The stars appear to be aligning for Qatar to break a diplomatic and trade embargo with its Gulf neighbors and the US is playing an important role in this reconciliation.
Good Saudi signs
In 2017, Saudi Arabia along with the United Arab Emirates, Bahrain, and Egypt cut diplomatic and trade ties with Doha and imposed a sea, land, and air blockade on the country.
The four blockading nations accused Qatar of supporting “terrorism” and being too close to regional rival Iran, which Qatar vehemently denied.
Saudi Foreign Minister Prince Faisal bin Farhan signaled progress may be underway towards resolving the three-year-old dispute with Qatar, following a meeting in Washington with US Secretary of State Mike Pompeo.
“We are committed to finding a solution,” Prince Faisal said in a virtual discussion hosted by the Washington Institute for Near East Policy, this Thursday.
“We continue to be willing to engage with our Qatari brothers, and we hope that they are as committed to that engagement. But we do need to address the legitimate security concerns of the quartet and I think there is a path toward that in the near future,” added the Prince.
The Trump administration has been pushing for an end to the blockade and paving the way for a united Gulf against Iran.
Backing the Trump administration’s hawkish approach to Iran, the Saudi minister said it will bring Iran back to the negotiating table for a “JCPOA ++”, a reference to the 2015 Iran deal from which US President Trump walked out in 2018.
Should presidential candidate Joe Biden win the presidency this November, it has been reported he would be more willing to bring back a new form of the JCPOA and this would lessen the tension in the region with respect to Iran and bodes well for Qatar to renew ties with Gulf neighbors.
Biden is likely to press much harder on Saudi and the UAE to end their blockade on Qatar.
Qatari Emir Sheikh Tamim bin Hamad Al Thani has said that his country is ready for dialogue to resolve the diplomatic crisis but stressed that any solution to the crisis must respect his country’s sovereignty.
In June, Kuwait, a mediator between Qatar and its quartet of Gulf Arab neighbors, said there was progress towards resolving the standoff but little progress has been done.
On 12 October 2020, the new Emir of Kuwait, Sheikh Nawaf Al-Ahmad Al-Jaber Al-Sabah, announced his first position on the Gulf crisis and the blockade of Qatar saying Kuwait was “keen to continue strengthening the GCC”.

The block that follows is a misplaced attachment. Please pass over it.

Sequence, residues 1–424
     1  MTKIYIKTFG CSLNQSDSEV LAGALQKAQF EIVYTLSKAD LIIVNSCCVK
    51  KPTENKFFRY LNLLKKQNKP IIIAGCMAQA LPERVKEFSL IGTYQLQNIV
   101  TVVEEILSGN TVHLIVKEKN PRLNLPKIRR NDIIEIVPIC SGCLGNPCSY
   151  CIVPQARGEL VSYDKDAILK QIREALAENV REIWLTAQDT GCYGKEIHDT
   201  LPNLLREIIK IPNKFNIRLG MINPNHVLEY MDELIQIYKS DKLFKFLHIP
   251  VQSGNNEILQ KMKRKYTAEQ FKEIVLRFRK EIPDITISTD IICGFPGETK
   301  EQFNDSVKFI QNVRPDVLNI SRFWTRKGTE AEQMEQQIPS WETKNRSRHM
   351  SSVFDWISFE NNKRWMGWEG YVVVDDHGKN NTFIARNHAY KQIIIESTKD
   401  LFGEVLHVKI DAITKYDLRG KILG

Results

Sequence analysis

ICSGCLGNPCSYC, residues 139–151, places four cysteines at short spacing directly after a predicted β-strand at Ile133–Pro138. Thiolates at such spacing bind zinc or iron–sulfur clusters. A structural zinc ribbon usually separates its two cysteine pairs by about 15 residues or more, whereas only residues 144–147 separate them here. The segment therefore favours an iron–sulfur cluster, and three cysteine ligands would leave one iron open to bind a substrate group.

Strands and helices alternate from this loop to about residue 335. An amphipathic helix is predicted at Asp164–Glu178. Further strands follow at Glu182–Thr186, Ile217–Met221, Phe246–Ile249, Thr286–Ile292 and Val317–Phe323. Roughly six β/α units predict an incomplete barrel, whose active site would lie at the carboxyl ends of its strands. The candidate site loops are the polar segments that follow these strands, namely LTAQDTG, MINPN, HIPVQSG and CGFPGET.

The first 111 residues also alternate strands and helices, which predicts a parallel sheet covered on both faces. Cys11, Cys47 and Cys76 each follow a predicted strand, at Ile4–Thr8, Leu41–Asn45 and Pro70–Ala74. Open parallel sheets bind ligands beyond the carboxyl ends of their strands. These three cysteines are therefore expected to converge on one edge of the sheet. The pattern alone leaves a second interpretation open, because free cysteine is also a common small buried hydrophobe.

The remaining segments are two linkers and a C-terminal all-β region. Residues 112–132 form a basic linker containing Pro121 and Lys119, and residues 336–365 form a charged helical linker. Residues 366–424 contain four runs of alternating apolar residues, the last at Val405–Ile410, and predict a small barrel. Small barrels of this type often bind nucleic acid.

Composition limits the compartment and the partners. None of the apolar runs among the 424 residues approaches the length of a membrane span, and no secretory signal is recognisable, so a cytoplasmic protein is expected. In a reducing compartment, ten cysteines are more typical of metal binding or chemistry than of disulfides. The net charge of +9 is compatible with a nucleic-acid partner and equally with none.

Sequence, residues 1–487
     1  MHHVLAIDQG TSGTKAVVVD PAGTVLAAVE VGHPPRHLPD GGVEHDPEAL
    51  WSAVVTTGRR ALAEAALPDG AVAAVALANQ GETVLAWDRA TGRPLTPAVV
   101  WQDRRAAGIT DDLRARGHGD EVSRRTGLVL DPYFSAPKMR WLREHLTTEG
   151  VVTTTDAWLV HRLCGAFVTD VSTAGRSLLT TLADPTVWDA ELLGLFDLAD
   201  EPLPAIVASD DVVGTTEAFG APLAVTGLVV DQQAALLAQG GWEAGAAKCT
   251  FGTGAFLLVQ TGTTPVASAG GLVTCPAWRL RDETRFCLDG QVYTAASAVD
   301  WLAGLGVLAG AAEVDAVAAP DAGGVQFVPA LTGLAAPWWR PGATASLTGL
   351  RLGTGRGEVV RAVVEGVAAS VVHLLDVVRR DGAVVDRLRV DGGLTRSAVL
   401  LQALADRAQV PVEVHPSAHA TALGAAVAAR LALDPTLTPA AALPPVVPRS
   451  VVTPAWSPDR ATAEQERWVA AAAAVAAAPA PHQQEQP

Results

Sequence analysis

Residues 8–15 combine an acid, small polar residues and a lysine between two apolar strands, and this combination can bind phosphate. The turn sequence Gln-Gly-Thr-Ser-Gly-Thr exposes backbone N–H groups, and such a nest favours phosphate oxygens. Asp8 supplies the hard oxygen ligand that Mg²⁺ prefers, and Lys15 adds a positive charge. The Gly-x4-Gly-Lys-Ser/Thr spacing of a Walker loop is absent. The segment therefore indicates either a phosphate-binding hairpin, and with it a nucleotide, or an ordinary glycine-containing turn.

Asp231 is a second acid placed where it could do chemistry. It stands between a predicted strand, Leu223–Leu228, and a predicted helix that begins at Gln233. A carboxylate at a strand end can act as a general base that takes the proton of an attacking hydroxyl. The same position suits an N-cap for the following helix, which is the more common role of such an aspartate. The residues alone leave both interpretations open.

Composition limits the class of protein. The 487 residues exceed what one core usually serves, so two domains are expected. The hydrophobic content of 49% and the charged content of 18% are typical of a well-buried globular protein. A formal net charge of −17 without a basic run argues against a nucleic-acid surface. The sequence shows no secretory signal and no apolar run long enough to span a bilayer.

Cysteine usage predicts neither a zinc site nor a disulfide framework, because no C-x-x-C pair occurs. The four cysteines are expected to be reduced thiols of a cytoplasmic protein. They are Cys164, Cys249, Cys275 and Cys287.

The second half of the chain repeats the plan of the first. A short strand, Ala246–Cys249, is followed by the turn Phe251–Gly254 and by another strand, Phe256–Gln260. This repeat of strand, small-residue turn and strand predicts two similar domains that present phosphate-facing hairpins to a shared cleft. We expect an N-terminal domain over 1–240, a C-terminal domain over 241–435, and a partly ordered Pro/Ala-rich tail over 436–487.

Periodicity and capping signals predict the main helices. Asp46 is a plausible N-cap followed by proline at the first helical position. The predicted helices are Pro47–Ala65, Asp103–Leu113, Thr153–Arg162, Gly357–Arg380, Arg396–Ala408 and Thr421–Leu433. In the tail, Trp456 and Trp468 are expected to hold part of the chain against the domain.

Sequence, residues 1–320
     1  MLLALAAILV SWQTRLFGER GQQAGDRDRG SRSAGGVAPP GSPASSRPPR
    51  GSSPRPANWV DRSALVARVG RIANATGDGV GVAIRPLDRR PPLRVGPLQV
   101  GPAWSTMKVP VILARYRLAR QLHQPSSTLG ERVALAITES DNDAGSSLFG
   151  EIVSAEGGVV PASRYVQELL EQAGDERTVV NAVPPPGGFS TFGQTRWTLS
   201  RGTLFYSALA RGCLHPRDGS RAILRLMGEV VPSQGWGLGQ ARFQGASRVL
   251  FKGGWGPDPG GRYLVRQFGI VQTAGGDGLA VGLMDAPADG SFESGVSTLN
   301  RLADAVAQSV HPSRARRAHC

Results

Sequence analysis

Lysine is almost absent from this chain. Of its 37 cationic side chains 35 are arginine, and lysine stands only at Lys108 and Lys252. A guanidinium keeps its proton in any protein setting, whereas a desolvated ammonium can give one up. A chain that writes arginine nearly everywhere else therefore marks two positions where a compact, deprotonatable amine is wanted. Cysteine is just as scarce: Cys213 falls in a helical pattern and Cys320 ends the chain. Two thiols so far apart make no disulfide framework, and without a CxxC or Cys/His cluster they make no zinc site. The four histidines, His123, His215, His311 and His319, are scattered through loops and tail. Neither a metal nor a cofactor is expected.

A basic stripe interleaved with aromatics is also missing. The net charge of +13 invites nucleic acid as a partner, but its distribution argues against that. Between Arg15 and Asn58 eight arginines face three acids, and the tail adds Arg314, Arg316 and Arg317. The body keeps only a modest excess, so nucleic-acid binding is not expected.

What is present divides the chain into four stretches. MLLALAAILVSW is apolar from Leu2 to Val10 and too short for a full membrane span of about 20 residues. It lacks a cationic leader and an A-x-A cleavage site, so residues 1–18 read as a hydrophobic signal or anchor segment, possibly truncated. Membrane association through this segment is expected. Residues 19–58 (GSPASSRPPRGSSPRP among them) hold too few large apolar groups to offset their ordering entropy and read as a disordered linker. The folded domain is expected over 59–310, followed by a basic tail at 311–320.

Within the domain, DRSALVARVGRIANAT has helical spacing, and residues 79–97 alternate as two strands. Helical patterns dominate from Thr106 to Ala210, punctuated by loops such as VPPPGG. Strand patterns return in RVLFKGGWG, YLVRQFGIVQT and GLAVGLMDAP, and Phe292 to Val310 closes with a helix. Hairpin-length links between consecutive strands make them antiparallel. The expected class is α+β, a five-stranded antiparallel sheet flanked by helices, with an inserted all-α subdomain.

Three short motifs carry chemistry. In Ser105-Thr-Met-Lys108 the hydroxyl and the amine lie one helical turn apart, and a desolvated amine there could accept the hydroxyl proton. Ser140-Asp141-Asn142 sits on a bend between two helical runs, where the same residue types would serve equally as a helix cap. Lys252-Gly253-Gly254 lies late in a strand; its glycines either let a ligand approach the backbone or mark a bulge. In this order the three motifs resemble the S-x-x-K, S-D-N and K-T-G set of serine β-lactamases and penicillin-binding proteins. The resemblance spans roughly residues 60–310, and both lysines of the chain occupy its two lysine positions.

The late Kuwaiti Emir Sheikh Sabah al-Ahmad al-Jaber al-Sabah passed away in the US in late September and was dubbed the ‘voice of wisdom’ throughout the Gulf crisis.
Qatar already in GCC meetings
Qatar participated in the 10th meeting of the security media committee of the Gulf Cooperation Council (GCC) member states. The meeting was recently held via video conferencing technology and discussed a number of issues related to security awareness.
Qatar also participated in the thirty-third meeting of airport security officials in the GCC countries that was held via video conferencing technology.
Qatar also participated this Wednesday in the 45th Technical Council meeting of the GCC Standardization Organization.
The meeting discussed the implementation of the Authority’s strategic plan during 2016-2020 including facilitating trade exchange between member states, enhancing access to global markets, developing industry, small and medium enterprises, and ensuring consumer safety.
Cost of the blockade
According to the Brookings Institute, before the blockade, Qatar imported roughly 40% of its food overland through Saudi, and most of the rest via shipping routes that pass through the UAE ports of Dubai and Fujairah to refuel. Likewise, the UAE received roughly a third of its natural gas from Qatar via the Dolphin Energy pipeline. In 2015, the value of Qatar’s trade flows totaled over $2 billion with Saudi, $7 bn with the UAE, and $500 million with Bahrain.
Cross-country investments from both sides total in the tens of billions of dollars. The Saudi banking sector’s exposure to Qatar was estimated to be around $30 bn. The UAE banking sector’s exposure is thought to be of similar magnitude. Before the crisis, there were over 70 flights a day between Qatar and its three Gulf neighbors.